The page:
Fortunately one of our great crew members, Ron, got to the boat two days ahead of and was busy getting her ready. I brought too much stuff (there is that word again) and am having a terrible time stowing it all. Think about it: going from a walk-in closet and eight drawers to a 12" hanging locker and three 12" drawers for your clothes! I am shoving things in every little nook I can find.

We could write a book of what not to do. We are where we are and ready to sail around the world for the next three years. Our new address is at Pointe aux Barques, MI when we return. Dennis retired yesterday so there are many new adventures ahead. Life is good!

Tuesday, October 15, 2013

40 Days of Rain & Our "Ark"

This is Herrington Harbour North in Tracy's Landing
at noon! Note the dock lights are on because it is so dark!
We just spent four days (it seemed like 40) in Annapolis preparing for our departure to Portsmouth, VA, for the start of the ARC Caribbean 1500 Rally to Tortola. Unfortunately, the weather was a disaster - four solid days of rain. This did not make loading the provisions and equipment pleasant! It also rained most of the 10-hour drive back home as well as a good portion of the drive to Maryland. We felt like drowned rats all week-end. All of the shipping boxes were a soggy mess and our clothes were wet.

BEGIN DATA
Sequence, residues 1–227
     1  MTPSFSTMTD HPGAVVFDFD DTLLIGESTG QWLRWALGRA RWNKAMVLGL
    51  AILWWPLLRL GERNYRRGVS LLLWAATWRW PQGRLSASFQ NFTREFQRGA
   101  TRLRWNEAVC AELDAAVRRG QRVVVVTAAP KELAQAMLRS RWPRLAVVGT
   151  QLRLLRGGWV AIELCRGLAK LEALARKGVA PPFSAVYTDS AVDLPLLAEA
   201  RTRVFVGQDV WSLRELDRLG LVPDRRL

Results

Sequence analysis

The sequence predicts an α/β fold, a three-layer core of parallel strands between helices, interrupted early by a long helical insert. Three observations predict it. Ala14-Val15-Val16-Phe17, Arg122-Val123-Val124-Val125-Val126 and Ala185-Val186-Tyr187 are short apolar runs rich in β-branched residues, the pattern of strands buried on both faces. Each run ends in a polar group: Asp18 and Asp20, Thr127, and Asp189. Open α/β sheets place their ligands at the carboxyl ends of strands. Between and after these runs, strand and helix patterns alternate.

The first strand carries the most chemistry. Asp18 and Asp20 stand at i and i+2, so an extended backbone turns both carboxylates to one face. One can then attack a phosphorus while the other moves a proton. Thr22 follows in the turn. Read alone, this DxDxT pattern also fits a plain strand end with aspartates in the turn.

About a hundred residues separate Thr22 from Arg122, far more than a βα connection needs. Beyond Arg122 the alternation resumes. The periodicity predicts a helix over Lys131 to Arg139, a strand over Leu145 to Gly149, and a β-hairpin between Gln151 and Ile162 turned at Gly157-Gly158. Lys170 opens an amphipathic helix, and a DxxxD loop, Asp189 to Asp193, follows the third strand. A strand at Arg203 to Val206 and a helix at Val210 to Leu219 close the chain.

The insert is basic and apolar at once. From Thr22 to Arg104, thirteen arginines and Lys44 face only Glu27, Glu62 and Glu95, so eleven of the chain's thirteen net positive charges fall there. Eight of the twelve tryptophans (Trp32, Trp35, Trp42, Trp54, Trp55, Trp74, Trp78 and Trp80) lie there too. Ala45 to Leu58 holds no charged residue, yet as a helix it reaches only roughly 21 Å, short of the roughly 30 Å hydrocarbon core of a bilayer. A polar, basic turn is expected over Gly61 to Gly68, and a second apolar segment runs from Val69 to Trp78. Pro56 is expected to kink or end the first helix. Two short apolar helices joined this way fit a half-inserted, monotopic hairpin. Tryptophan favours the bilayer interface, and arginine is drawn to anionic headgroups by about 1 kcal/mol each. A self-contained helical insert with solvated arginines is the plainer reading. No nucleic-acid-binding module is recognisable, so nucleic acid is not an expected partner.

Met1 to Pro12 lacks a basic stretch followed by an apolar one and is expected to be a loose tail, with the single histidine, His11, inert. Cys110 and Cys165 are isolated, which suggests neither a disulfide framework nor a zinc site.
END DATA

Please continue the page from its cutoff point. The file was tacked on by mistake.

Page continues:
Sherry, Paul from WCC and Dennis at Annapolis Boat Show

And it was a mess for the Annapolis Sail Boat Show. Usually it is a perfect fall weekend for the show. As a result of the sloppy weather, we only spent four hours there, but we accomplished everything on our list. Maybe it was a blessing in disguise as we were not tempted to purchase more "stuff!" Trillium is filled to the gunwales and there are still items that need stowing.

We had a chance to meet the World ARC coordinator, Paul, and talk with him and Jeremy about the two rallies. We also reconnected with Mia and Andy who run the ARC Caribbean 1500 Rally.

Stowing everything become a real challenge.
In many cases, it is putting a square peg in a round hole
 that doesn't have any depth!
I am sure I have too many clothes on board! Since I really don't know what I will need, I am taking what I want. Worse case scenario is that I give it away or throw it away en route. The choice is get rid of it later, or get rid of it now as I clear out the house. As crunch-time comes closer, it is easier to let things go.

The packers came to the house today and the movers come on Thursday. I didn't realize how much artwork we have! The furniture is padded and wrapped and ready for the truck. So reality is setting in: the house is sold and we are on our way to somewhere. I am sure I should have gotten ride of more "stuff" in the house instead of packing it up. It is just such an overwhelming process. And just how do we collect so much?